So although its probably not worth staying up all night to see meteors, you should definitely begin about 90 minutes after sunset—by which time it will be really dark—and continue through until the Moon rises and noticeably bleaches the night sky. Even then, you’ll still likely see “shooting stars.”
What is a ‘shooting star?’
Also known as “falling stars,” these fast-moving “stars” that light-up brightly and then quickly dim are caused by particles, dust and small rocks—mostly no bigger than a smaller than a grain of sand—striking the Earth’s atmosphere about 60 miles/100 kilometers up. They light-up as they discharge the energy gained from striking the atmosphere. What you’re seeing are meteoroids entering Earth’s atmosphere at high speeds—the Perseids travel as quick as 37 miles/60 kilometres per seconds—on parallel trajectories.
Why are they called the Perseids?
All major meteor showers are named after a particular constellation, or sometimes, even a particular star. They don’t have anything to do with the constellation all-star they are named after, but instead just appear to originate in that region of the sky. In the case of the Perseids, that’s the constellation of Perseus, one of the larger northern constellations. During August it’s high in the eastern night sky after dark.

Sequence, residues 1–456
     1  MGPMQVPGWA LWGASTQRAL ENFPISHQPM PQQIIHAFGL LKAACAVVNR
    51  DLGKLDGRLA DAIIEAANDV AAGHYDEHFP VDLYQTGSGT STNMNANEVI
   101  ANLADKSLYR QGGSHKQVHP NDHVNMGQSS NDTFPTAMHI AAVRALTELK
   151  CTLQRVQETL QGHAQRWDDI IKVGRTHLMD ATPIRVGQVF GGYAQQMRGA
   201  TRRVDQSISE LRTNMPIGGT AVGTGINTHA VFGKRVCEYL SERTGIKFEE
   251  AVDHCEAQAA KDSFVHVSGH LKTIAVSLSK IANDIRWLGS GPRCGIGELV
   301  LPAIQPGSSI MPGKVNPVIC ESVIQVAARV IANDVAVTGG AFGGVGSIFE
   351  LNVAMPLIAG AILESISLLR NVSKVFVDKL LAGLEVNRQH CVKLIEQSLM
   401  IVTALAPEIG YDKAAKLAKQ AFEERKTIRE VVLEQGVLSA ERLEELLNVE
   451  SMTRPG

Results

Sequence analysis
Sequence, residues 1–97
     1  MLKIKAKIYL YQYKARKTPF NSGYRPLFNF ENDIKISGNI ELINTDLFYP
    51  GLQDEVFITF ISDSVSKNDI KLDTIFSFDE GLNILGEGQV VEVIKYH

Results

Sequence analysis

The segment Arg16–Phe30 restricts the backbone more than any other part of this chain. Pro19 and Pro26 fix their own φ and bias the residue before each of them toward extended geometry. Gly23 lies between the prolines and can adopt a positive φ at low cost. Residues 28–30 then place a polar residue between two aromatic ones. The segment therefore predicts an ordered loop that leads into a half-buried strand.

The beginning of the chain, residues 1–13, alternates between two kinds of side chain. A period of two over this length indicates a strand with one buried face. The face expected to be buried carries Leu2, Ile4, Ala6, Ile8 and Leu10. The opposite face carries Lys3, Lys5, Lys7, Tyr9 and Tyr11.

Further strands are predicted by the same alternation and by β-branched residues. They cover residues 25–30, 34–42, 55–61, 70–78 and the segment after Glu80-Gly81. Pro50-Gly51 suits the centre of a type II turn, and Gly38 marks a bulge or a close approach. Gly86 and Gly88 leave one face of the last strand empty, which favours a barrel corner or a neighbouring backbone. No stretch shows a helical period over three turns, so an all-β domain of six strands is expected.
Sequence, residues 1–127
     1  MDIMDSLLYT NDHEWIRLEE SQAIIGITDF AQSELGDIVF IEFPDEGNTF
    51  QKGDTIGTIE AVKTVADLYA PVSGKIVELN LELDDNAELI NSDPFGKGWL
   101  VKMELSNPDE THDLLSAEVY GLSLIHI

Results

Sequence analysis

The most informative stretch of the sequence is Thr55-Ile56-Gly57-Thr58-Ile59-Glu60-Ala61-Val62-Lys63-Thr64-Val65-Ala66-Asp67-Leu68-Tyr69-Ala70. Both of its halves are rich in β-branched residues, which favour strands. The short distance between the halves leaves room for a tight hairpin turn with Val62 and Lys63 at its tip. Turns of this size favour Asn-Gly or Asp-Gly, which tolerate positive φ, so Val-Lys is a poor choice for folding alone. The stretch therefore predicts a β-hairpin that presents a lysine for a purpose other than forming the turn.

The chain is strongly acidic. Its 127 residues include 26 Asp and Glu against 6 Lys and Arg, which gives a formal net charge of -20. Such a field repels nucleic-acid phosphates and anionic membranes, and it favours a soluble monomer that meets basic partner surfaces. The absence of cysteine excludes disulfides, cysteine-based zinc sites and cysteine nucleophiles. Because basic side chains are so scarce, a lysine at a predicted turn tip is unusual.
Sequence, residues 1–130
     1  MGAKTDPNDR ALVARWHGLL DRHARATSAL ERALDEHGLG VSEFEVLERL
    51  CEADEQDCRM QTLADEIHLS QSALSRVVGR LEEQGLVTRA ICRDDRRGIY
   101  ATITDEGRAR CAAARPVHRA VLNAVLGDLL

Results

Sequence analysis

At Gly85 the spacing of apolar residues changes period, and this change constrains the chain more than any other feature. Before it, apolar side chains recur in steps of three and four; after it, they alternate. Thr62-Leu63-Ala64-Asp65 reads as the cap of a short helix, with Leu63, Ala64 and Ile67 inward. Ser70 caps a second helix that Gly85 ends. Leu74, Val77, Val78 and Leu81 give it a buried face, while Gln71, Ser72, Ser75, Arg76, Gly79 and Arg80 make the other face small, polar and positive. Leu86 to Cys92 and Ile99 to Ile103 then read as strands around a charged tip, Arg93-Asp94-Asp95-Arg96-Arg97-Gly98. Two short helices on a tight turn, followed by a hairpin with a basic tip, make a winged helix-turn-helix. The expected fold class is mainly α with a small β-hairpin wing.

However, you don’t need to look in the direction of Perseus to see shooting stars. In fact, it’s better that you look straight above your head, though do expect the comet trails to originate from the position of Perseus in the night sky. Astronomers call Perseus the radiant.
Although the presence of a bright Moon on the peak night will lead many to overlook this year’s Perseids meteor shower there will, in practice, be plenty of opportunities to see “shooting stars” for those with patience who do their research.
Wishing you clear skies and wide eyes.